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Stichting Saartje, honden met hypofysaire dwerggroei. Pituitary Dwarfism, a bigger problem than expected ‘ is de title van mijn boek over deze erfelijke afwijking die voorkomt bij Duitse Herdershonden, Saarlooswolfhonden, Tsjechoslowaakse Wolfhonden, Witte Herdershonden en de Karelische Berenhond. Honden met deze afwijking hebben een tekort aan de Hypofyse Hormonen GH, TSH, LH en FSH en lijden daardoor aan allerlei kwalen en kwaaltjes. Naar schatting overlijdt ca 90% van de aangetaste pups rond de geboorte. Bij de 10% overlevende pups is de grote groeiachterstand het meest opvallend, maar nier/leverfalen, kaalheid, huidproblemen, traag werkende schildklier, en deformatie/instabiliteit van de bovenste nekwervel zijn vele malen ernstiger en maken dat de meeste dwerghonden niet ouder worden dan ca 4 jaar. Ivm de plannen voor ons wooninitiatief moet ik helaas mijn werk voor Stichting Saartje tijdelijk op een laag pitje zetten. Onze ambassadeur in Engeland, Stephen Webb, neemt mijn werk grotendeels over. Uiteraard blijf ik wel meedenken, adviseren, en vragen beantwoorden ! Stephen heeft een zeer informatieve website gemaakt: http://gsdpituitarydwarfism.weebly.com/ Onderaan deze pagina vindt u meer foto`s van honden met hypofysaire dwerggroei.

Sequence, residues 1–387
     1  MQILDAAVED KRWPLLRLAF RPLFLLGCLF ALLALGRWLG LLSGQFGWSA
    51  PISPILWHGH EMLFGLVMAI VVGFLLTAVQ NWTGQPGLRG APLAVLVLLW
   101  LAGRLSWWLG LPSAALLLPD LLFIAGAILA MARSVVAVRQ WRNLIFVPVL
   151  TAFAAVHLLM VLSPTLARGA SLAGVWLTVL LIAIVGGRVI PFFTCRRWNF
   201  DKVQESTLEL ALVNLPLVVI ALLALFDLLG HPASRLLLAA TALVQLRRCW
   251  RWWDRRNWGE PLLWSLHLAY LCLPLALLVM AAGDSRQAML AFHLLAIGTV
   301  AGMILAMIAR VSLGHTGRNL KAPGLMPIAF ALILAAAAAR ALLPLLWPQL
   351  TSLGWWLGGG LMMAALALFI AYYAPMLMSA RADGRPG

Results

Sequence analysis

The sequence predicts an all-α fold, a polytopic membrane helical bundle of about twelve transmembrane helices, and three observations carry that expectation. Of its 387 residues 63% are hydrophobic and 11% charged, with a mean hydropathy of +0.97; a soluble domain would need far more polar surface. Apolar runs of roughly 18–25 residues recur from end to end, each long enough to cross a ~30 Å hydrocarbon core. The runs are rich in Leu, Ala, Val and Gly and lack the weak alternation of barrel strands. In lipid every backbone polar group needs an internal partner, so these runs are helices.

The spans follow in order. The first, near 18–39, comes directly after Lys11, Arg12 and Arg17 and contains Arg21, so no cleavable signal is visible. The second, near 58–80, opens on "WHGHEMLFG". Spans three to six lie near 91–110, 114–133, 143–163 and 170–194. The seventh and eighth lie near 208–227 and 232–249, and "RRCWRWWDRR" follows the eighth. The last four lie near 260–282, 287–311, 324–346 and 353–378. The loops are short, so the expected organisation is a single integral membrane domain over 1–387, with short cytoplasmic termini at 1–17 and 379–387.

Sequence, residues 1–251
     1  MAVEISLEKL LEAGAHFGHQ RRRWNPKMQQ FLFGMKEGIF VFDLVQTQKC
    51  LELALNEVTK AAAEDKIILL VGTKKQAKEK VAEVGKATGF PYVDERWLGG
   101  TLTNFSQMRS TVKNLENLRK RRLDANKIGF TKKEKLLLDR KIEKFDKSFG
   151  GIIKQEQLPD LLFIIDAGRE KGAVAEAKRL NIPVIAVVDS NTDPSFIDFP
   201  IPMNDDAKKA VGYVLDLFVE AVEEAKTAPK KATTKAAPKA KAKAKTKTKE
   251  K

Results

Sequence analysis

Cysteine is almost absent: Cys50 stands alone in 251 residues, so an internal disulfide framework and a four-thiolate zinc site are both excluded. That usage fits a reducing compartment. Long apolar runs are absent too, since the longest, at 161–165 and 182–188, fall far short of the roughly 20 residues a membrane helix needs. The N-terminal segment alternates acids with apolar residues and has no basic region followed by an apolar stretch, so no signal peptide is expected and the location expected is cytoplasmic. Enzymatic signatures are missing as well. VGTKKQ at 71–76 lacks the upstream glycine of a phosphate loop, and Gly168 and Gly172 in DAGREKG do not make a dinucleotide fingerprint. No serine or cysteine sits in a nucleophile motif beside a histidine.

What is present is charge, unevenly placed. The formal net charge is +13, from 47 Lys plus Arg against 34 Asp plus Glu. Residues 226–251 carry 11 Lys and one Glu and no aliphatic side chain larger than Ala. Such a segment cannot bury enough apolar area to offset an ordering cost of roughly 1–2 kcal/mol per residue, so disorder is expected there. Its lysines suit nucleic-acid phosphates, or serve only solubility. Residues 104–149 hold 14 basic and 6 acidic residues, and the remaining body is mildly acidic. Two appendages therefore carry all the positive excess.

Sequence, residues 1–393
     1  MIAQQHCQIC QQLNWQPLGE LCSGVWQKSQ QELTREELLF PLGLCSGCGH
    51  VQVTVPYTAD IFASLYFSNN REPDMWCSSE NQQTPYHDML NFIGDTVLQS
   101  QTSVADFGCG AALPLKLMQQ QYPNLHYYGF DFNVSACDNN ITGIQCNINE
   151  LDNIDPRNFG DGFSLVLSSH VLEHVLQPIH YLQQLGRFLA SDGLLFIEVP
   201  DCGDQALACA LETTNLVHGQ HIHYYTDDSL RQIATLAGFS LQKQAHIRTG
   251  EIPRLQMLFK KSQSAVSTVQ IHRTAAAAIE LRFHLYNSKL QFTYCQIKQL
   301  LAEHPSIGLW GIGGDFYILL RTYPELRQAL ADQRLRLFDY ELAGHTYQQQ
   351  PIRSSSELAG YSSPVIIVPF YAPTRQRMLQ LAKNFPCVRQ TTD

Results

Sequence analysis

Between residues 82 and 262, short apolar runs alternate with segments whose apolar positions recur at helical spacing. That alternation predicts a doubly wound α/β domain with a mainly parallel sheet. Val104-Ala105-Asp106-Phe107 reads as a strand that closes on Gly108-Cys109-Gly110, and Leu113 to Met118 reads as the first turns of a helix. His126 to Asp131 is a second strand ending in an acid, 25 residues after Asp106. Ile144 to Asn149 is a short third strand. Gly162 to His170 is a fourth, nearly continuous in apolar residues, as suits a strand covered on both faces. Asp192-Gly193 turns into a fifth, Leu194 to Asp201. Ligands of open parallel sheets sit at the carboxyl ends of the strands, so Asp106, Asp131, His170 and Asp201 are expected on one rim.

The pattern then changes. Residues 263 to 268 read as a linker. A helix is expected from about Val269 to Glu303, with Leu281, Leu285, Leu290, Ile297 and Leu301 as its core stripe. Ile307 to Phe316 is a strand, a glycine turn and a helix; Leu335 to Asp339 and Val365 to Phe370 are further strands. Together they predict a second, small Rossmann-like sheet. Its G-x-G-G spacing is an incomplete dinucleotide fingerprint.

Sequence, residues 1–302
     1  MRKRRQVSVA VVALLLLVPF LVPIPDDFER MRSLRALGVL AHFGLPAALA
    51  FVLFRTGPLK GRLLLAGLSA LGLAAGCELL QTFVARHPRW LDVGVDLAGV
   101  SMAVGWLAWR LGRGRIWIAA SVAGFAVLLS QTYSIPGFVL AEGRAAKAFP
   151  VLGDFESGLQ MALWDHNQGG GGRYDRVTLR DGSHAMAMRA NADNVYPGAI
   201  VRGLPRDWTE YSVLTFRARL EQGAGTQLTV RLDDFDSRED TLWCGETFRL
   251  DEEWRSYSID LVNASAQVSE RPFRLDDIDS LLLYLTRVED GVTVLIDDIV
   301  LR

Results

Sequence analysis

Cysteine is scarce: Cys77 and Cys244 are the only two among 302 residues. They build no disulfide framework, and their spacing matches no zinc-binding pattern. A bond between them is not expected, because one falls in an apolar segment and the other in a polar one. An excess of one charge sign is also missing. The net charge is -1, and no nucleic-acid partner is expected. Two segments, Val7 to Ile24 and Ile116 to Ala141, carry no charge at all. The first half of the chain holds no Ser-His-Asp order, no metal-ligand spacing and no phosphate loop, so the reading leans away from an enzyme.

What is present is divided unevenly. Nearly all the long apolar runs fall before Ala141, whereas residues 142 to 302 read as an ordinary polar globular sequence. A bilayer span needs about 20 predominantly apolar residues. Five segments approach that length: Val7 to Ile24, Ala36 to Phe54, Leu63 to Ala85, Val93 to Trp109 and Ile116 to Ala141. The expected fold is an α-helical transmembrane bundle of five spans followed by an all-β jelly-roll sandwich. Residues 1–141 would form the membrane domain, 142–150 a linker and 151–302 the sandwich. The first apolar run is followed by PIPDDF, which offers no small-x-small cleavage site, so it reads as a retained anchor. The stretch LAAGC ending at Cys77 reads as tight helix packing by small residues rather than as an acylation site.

Pituitary dwarfism in German shepherd dogs -Availability of a genetic test- Annemarie Voorbij and Hans Kooistra Department of Clinical Sciences of Companion Animals Faculty of Veterinary Medicine, Utrecht University Utrecht, The Netherlands The pituitary is a hormone producing gland at the base of the brain. This pea-sized gland is composed of three parts: the anterior pituitary, the intermediate lobe and the posterior pituitary. The anterior pituitary synthesizes and secretes six hormones, which are essential for numerous body functions, such as growth, reproduction, lactation, metabolism and handling stress. These 6 hormones are: Growth hormone (GH), which is essential for growth Thyroid stimulating hormone (TSH), which regulates thyroid function Prolactin (PRL), which is essential for lactation Follicle stimulating hormone (FSH) and Luteinizing hormone (LH), which are essential for ovulation in female animals and sperm production in male animals Adrenocorticotroph hormone (ACTH), which stimulates the adrenal cortex Any defect in the development of the pituitary gland may result in a form of isolated or combined pituitary hormone deficiency. In dogs, congenital GH deficiency or pituitary dwarfism is the most striking example of pituitary hormone deficiency. This recessive inherited disorder is encountered most often in German shepherd dogs, but it has, for example, also been reported in Saarloos wolfhounds. The genetic defect causing congenital GH deficiency in German shepherd dogs is also the cause of pituitary dwarfism in Saarloos wolfhounds, because the disorder in the latter breeds was first recognized after German shepherd dogs had been used in the breeding of Saarloos wolfhounds. German shepherd dwarfs have a combined deficiency of GH, TSH, PRL, and the gonadotropins. In contrast, ACTH secretion is preserved in these animals. Dogs that are carriers of the mutated gene that causes pituitary dwarfism do not have any symptoms and look exactly the same as their fellow German shepherd dogs that aren’t carriers. Since pituitary dwarfism is a recessive disorder of a single gene, the birth of a dwarf indicates that both parents are carriers of the mutation. In Figure 1, two German shepherd dogs from the same litter are depicted. The dog on the right is clearly a dwarf. Although the dwarf is significantly smaller than his healthy littermate, the dog is in proportion. Another clinical manifestation of pituitary dwarfism that can be seen in this picture is that the dwarf has retained his puppy hair coat. In time, the hair coat will be largely lost and the animal will become alopecic (bold) (Figure 2). The growth retardation and the abnormal hair coat are mostly noticed by 2 to 3 months of age. The hairs are easily epilated, and when the animal loses its hair coat, the skin can become squameous and hyperpigmented, making the skin darker in color. Furthermore, due to a lowered local immunity of the skin, dwarfs are prone to bacterial skin infections. However, the clinical signs are not limited to exterior appearances. The dwarfs suffer from a whole range of clinical manifestations far worse than skin and hair coat problems. For instance, GH deficiency also leads to underdevelopment of the kidneys, causing chronic renal failure. The deficiency of TSH will result in an underactive thyroid gland, causing the animals to be slow and dull. Furthermore, the insufficiency of the gonadotropins will result in failure of one or both testis to move, or "descend" into the scrotum (cryptorchidism) in male dwarfs. Female dwarfs do go into heat, but they do not ovulate. It can be concluded that pituitary dwarfism is a serious disorder. Although the physical features of pituitary dwarfism may seem obvious, the final diagnosis should be based on 'pituitary stimulation tests'. These tests can detect a deficiency of GH, TSH, prolactin, LH and FSH. The most logical therapeutic option would be to treat the dwarfs with canine GH and thyroid hormone. Treating the animal with thyroid hormone is simple, but it is not possible to treat the dwarfs with canine GH, since it is not available for therapeutic use. However, research has demonstrated that porcine GH is identical to canine GH, making it a good alternative for treatment. Without proper treatment, the long term prognosis is poor. Many dwarfs will not live more than 4 to 5 years. However, some dogs do live longer, probably because in some cases the pituitary still produces a small amount of hormones. Although the prognosis improves significantly when dwarfs are properly treated, their prognosis still remains guarded. It should be clear that the birth of dogs with this serious illness should be prevented. In order to do so, two carriers of this mutation should not be bred. The problem is that, as mentioned earlier, one cannot distinguish a carrier from a non carrier judged on its appearance. This would require a genetic test. After 15 years of intensive research at the Department of Clinical Sciences of Companion Animals of Utrecht University, this test is now available! If this test would be used for all breeding animals, pituitary dwarfism could be completely eradicated in German shepherd dogs. A genetic test may not seem to be of big importance to German shepherd dogs, since the disorder seems to occur only occasionally. However, one should keep in mind that many dwarfs die in the uterus or shortly after birth. One should also be aware of the fact that if just 1 percent of the German shepherd dog populations are dwarfs, then 18 percent of the population will be carriers of the mutation. This means that the number of carriers will be much higher than might be expected. When 2 of these carriers are mated, on average 25 percent of their offspring will be dwarfs and half of the siblings will be carriers of the mutation. For the genetic test, 4 ml. of blood (collected in an EDTA containing tube) is needed. The blood sample has to be shipped to: Dr. H.S. Kooistra (H.S.Kooistra@uu.nl) Department of Clinical Sciences of Companion Animals Faculty of Veterinary Medicine, Utrecht University Yalelaan 108 3584 CM Utrecht The Netherlands The costs of the genetic screening for the mutation that causes pituitary dwarfism in German shepherd dogs are Euro 100 (excl. VAT). In short, pituitary dwarfism is a serious, incurable illness of which the occurrence is highly underestimated! The good news is that there is now a genetic test with which carriers of the mutation can be identified. If all breeding animals were tested (only once), and a correct breeding policy would be implemented, this severe illness could be completely eradicated. i          Figure 1. A healthy German shepherd dog (left) and a dwarf litter mate.                                  Figure 2. A 10-month-old German shepherd dwarf with lack of guard hairs and retention of puppy hairs.